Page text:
The Terror Presidency

February 2nd, 2009 at 3:32 pm David Frum | No Comments |

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At the beginning of her new book on the Bush administration’s war on terror, The Dark Side, Jane Mayer has this to say:

[T]he Bush administration’s extralegal counterterrorism program presented the most dramatic, sustained, and radical challenge to the rule of law in American history.

Mayer attributes that claim to the late Arthur Schlesinger Jr., but she leaves no doubt that she shares it. 

And of course she shares it broadly. The perception that the Bush administration engaged in flagrant law-breaking – that it amassed presidential power on a scale never before seen – that it did damage to the Constitution itself – that perception has gained great ground over the past half dozen years.

Yet this view is so completely wrong as to verge on the perverse. Check again that key phrase: “in American history.” By the standards of any previous wartime president, George W. Bush’s assertions of power were so cautious and restrained as to verge on the bashful. Every previous wartime president deployed presidential power on a scale compared to which Bush looks like Benjamin Harrison.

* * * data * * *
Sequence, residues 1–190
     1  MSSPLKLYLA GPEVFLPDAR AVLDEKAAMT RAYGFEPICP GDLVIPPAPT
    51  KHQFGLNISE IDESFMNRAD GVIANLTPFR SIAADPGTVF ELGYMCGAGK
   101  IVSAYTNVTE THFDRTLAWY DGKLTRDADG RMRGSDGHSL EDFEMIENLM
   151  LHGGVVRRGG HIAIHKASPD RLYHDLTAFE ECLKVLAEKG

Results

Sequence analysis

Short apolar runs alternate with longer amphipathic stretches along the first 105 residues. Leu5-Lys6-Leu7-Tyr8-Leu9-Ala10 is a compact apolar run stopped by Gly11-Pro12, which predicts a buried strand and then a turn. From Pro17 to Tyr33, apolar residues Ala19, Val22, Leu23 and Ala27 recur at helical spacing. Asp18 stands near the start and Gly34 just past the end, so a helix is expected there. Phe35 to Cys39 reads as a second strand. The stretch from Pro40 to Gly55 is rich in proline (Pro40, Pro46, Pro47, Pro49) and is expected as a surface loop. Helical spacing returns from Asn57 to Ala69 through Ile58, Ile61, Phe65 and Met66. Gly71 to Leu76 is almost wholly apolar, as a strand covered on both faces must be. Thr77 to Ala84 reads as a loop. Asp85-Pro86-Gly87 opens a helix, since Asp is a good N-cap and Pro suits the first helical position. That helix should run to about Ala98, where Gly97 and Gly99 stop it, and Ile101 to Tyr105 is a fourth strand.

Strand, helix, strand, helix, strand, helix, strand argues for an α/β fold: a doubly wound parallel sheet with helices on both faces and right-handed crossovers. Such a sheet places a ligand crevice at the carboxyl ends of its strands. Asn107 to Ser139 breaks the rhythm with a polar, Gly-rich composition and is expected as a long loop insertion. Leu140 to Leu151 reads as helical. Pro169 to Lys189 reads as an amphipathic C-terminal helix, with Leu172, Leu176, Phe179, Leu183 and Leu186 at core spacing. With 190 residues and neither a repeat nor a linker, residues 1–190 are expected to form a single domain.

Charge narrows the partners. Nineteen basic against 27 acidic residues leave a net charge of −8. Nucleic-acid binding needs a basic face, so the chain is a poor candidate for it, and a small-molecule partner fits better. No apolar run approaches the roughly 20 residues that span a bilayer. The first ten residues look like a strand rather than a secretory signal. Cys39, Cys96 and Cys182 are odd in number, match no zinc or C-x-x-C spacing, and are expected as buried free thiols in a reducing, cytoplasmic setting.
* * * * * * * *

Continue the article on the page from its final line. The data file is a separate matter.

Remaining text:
Lincoln jailed 16,000 Northern dissidents without trial or habeas corpus – not to mention the hundreds of thousands of Southern soldiers, American citizens every one, who were detained as enemy combatants without trial for the duration of the Civil War.

Wilson prosecuted and imprisoned hundreds of people for criticizing the draft laws, including the man who had finished third in three presidential elections, Eugene Victor Debs. Wilson seized and administered the railroads and other vital industries. After the war, non-citizen detainees were deported without any whiff of judicial process.

Franklin Roosevelt’s internment of Japanese-Americans, many of them citizens, proceeded without any law at all: The internment was a pure act of executive discretion. Nor did any law authorize FDR’s mass wiretapping and mail interceptions – programs that would only expand during the Cold War under the four Cold War presidents (three of them Democrats) who succeeded him. When the Montgomery Ward company refused to comply with a government administrator’s order to allow a union to be organized (the company argued that the government had power to regulate prices, but not work rules) – FDR personally directed that the company’s assets be seized and the company’s president put under military arrest.

Harry Truman went to war in Korea with no congressional authorization; Bill Clinton went to war in Kosovo in brute defiance of a congressional vote forbidding him to do so. It was Bill Clinton who initiated the practice of “rendition” – delivering foreign terrorists for questioning to countries like Egypt.

I do not itemize this history to proclaim it right or wrong, but to counter the all-forgetting historical amnesia that allows critics like Mayer to translate a debate over a handful of hard cases into a sweeping indictment of the Bush administration as some kind of lawless, anti-constitutional regime.